Instruments of Happiness (IoH) is the brainchild of Canadian electric guitarist Tim Brady, who has devoted over 25 years of his life to creating contemporary classical music for his instrument. The name is inspired by the two guitar manufacturers Robert Godin and Paul Reed, whom Brady quotes as having declared that “you can never be sad with a guitar in your hands.” There are actually three IoH ensembles, a quartet, a twenty-piece orchestra, and a 100-piece group.
A little over three weeks ago Starkland released the debut album for the quartet. (Since recordings of the other groups have not yet emerged, this explains the reference in the headline to a debut album.) Brady is the leader of the group, whose other members are Gary Schwartz, Michael Heroux, and Antoine Berthiaume. The better part of the album is devoted to a symphony by Brady, performed in both quartet and solo versions. There are also two shorter compositions by Berthiaume and Rainer Wiens.
Brady has been composing symphonies since 2005. He calls them an “eclectic collection of works” and puts scare quotes around the noun “symphonies” the first time he uses it in the note he provides for the accompanying booklet. He is right to treat the noun somewhat gingerly. Basically, he uses it to specify a multi-movement composition of relatively extended duration; and, as far as I am concerned, he has every right to do so. I am more put off by the contributing note by Allan Kozinn that describes the opening of Brady’s symphony as having “a touch of Brucknerian lumbering,” as if the only way to justify a work being called a symphony is to compare it with another symphony. Lest readers approach Brady’s music with the wrong expectations, it would be fair to say that any association with Anton Bruckner is little more than pretentiously misplaced. This is music easily taken on its own terms, where in manages quite well, thank you very much.
The title of the quartet version of Brady’s symphony is The Same River Twice: Symphony #5.0; and, strictly speaking, it is more of a suite than a symphony. However, it is also structured around a well-defined overall plan (making Gustav Mahler a better point of reference, but still a rather remote one, than Bruckner). The piece consists of three titled movements, “Float,” “A Somewhat Eccentric Waltz,” and “Count,” preceded by an introductory “Riff.” Each pair of successive sections is separated by a solo, which not only provides a transition but also, in at least one case, give the players time to retune their instruments. Each of those sections amounts to a “mood piece;” so, taken as a whole, the symphony amounts to a journey through a series of emotional dispositions, the last of which is an intensely manic burst of activity through which the symphony comes to the sort of energetic conclusion that is encountered so often in nineteenth-century symphonies.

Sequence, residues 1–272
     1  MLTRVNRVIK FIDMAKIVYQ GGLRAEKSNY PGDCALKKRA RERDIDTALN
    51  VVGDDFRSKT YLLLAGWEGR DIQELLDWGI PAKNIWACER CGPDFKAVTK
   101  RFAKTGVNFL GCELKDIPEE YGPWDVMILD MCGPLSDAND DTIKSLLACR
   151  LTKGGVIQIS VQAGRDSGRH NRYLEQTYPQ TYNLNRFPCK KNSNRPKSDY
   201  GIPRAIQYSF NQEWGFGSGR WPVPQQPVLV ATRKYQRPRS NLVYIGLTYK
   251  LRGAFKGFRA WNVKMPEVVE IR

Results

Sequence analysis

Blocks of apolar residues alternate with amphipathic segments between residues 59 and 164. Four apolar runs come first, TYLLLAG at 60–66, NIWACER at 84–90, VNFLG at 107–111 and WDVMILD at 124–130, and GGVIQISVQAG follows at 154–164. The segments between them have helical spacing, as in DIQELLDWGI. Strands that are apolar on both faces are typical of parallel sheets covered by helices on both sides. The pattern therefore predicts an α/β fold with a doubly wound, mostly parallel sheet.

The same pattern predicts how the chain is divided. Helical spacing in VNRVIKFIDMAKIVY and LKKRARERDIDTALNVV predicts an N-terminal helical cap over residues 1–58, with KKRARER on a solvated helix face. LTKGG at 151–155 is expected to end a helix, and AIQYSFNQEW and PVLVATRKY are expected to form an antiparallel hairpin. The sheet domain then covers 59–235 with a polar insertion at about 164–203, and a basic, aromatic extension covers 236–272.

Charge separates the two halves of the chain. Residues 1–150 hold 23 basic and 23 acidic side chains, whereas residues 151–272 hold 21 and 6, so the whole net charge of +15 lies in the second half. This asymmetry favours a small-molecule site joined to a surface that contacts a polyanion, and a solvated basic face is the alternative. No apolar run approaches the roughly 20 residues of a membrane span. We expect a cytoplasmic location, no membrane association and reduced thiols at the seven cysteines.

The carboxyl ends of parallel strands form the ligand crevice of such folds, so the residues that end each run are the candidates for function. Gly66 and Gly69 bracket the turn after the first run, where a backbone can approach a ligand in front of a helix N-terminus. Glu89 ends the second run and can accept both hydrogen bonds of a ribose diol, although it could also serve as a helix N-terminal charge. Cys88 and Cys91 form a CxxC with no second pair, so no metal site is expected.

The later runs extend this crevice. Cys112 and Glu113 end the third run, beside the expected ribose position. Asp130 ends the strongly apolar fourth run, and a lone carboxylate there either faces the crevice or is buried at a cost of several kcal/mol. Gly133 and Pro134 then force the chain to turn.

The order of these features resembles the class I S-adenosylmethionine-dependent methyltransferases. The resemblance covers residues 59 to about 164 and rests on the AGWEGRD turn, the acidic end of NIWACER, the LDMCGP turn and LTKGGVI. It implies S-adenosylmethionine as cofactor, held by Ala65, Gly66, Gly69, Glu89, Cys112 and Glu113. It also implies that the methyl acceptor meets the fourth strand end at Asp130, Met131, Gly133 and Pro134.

The solo version, The Same River Twice: Symphony #5.Solo, consists of only three movements played without interruption. The attentive listener should have no trouble identifying parallels between the first (“Freeze”) and last (“Burn”) of these movements and their “correlates” in the quartet version, “Float” and “Count.” The connection between the middle solo movement, “Thaw,” and “A Somewhat Eccentric Waltz” is more tenuous, if it was ever intended in the first place. Also, the latter piece is solo only in that it involves only one player (Brady). However, the guitar is supplemented by “a rather impressive number of guitar pedals” for special effects and sampling technology for playing back loops. With that kind of gear, the solo version often sounds more “massive” than the quartet version.
Nevertheless, listening to these two versions back-to-back is enlightening. One comes away with an appreciation of Brady’s determination to shape the concept of symphony to his own desires as both composer and performer. As is the case with the memorable symphonists of the past, the attentive listener gradually begins to appreciate Brady’s personal characteristic take on what he wants a symphony to be; and, if this is his fifth attempt, then it would be fair to say that he is making admirable (if not impressive) progress.
Wiens’ composition is entitled “What is Time?” In the booklet he describes it as “an exploration of the timbral possibilities of prepared guitar and the use of human breath as the rhythmic determinant.” The score is an indeterminate collection of sections that can be played in any order with only the first and last sections fixed. With Wiens’ approval Brady made recordings of two spontaneous interpretations of the score, both in a studio setting. For the album he then superimposed these two recordings as a single track. Between the ground rules and the realization, it is unlikely that any listener will be able to “parse” the result simply on the basis of listening to that track. Nevertheless, the sonorities are impressive, strikingly different from those of any of the other tracks on the album. The duration is about eight and one-half minutes, meaning that one can just enjoy those sonorities without growing too impatient.
The most lyrical track on the album is Berthiaume’s “Fungi.” This music has the steadiest rhythm and the most songlike harmonic progressions. Thus, while it definitely speaks with its own unique voice, there is a sense that familiar tropes are in play. That reassuring sense of familiarity provides an excellent spacer between the more experimental domains explored by Brady and Wiens at the beginning and conclusion of this recording.